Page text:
Here are the emissivity values for a list of building materials
Aluminium has a very low natural emissivity value of 0.03. This means that aluminium will only allow 3% of the radiant heat that comes in contact with the surface of aluminium will pass through it. Another way to look at this is that 97% of heat will be reflected back to the source.
“If a surface emittance is changed from .90 to .03 the part of the heat flow that is radiation is reduced to 3.3% of its initial value.” 100 Btu/hour – 3.3 Btu/hour
“Radiation is the primary mode of all heat transfer. The other two modes… come into play only as they interfere with the primary mode.”
M. Pelanne, Senior Research Specialist for Johns Manville (Energy Design Update, Feb. 93)
Regardless of how high the R-value on an insulation product is unless it also has a low – ‘E’ value it has no ability to reflect radiant energy. It will always need to absorb the heat in order to work. Very high R values don’t stop heat transfer, they simply slow it down. You cannot ignore the need for good U values but by addressing the U values alone, a large percentage of heat transfer is being ignored.
Maybe we should ask the question; Why is so much importance put on ‘U’ & ‘R’ values?
Low-E Insulation is manufactured using 99.4% Pure “Insulation Grade” Aluminium which reflect 97% radiant heat. This has a massive impact on heat transfer into and out of a building. While there are all three forms of heat transfer out of a building, it is worth noting that 100% of the solar gain is radiant heat. Consider how hard air conditioner have to work during summer months to deal with that.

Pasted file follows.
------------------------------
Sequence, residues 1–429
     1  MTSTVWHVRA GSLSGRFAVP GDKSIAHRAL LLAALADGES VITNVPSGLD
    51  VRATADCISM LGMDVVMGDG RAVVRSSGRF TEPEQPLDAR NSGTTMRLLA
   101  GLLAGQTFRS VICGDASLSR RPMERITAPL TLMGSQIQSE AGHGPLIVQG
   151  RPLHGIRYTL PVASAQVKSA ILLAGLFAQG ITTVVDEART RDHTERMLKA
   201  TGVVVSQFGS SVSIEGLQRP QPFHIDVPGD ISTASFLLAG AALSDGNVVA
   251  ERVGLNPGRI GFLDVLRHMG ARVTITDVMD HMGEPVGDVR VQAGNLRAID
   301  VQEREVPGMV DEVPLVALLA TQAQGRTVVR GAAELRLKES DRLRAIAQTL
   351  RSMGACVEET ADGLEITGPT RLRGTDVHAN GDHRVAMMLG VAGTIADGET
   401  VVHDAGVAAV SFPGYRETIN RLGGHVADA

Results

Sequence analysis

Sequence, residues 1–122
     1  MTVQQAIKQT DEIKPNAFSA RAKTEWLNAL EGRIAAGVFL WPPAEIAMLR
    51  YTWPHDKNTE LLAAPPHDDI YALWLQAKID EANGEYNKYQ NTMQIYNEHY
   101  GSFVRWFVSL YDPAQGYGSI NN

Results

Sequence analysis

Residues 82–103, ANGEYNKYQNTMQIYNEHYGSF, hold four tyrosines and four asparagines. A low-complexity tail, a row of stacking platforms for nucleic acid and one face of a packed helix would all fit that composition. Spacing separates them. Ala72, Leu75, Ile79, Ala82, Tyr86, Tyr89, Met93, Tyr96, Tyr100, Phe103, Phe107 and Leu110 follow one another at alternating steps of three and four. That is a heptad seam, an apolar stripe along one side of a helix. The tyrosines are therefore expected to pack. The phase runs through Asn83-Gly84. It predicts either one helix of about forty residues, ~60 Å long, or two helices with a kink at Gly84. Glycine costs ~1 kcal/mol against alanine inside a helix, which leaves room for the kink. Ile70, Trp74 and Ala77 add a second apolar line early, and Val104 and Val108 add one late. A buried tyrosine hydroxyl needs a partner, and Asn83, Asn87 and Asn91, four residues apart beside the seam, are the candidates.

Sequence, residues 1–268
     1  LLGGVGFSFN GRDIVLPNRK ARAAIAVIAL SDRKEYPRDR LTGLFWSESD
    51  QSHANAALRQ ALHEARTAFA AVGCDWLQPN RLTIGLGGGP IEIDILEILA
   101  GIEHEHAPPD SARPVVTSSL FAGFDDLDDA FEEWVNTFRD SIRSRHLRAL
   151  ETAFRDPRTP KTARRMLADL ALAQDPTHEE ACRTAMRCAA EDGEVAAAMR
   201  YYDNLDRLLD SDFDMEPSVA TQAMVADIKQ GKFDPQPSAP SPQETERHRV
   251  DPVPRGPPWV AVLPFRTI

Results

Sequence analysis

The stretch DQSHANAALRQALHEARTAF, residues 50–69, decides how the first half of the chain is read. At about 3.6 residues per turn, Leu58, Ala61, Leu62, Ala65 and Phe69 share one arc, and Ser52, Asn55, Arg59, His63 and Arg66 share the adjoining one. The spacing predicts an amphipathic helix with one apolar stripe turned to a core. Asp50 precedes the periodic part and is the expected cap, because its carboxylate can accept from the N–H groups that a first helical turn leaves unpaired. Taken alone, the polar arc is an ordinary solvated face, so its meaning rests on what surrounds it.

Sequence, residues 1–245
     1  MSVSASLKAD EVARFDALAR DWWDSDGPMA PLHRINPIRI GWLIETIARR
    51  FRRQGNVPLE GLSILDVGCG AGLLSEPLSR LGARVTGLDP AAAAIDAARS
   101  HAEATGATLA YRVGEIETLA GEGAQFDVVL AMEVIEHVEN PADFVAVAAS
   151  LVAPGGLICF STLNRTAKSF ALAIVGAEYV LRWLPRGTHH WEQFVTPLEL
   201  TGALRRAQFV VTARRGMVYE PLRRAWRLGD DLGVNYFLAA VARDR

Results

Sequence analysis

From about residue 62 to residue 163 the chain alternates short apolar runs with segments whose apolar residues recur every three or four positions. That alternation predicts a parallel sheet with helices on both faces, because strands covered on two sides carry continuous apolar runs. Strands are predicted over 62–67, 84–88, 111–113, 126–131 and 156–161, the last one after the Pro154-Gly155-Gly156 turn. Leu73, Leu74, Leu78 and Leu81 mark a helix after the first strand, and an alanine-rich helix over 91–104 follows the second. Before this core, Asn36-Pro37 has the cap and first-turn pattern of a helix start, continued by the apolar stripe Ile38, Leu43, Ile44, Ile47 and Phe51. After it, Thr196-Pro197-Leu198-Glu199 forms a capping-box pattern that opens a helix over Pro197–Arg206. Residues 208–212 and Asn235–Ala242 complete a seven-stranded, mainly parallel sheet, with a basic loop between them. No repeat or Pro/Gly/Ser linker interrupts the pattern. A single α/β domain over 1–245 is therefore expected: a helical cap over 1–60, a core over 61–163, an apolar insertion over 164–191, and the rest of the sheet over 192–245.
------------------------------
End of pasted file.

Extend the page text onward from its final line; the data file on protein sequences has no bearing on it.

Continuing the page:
Why do Airspaces and R-values matter?
Foil insulation products can work without an airspace but to declare what is called an “R-value”, you must install foil insulation with an airspace. Airspaces can be forms in numerous ways and can be as small as a couple of millimetres but airspaces beside a low emissivity surface are most efficient between 6mm – 20mm.
The easiest way of explaining how low emissivity airspaces work is to use a double glazed window as an example. The two pieces of glass on their own do nothing but when the layers of glass are separated by an airspace, it is actually the airspace that becomes efficient. However, if there is a low emissivity surface (pure aluminium) on one side of the airspace, the airspace becomes nearly 5 times more efficient than in a double-glazed window.
Heat cannot conduct through a low emissivity airspace, and small airspaces are too restrictive for convection to occur. The Pure Aluminium surface of Low-E surface reflects heat into an airspace and the airspace becomes VERY efficient. Now you have an insulation system that can reflect all 3 form of heat loss.
We recommend installing Low-E Insulation with 2 airspaces whenever possible. Because Low-E utilises airspaces, the R-value for Low-E Insulation actually changes depending on the size of the airspace and the direction it is facing (horizontal or vertical). Our technical team can easily calculate the R-value of Low-E Insulation in any application.
Why is Moisture Control a problem?
Warm air carries more moisture than cold air. When warm air cools, the moisture gets left behind. To optimise performance in both new build and refurbished buildings, it is always advisable to install a vapour control layer within a modern building envelope.
Warm air carries more moisture than cold air. This is a problem for traditional insulation. When warm air cools down, the moisture from the air is left behind. It is then absorbed by the insulation causing the insulation to become compressed. This happens more so in winter when there is a greater difference between inside and outside temperature. Once this happens, the insulation’s ability to perform drops dramatically. In extreme cases, the insulation must be removed.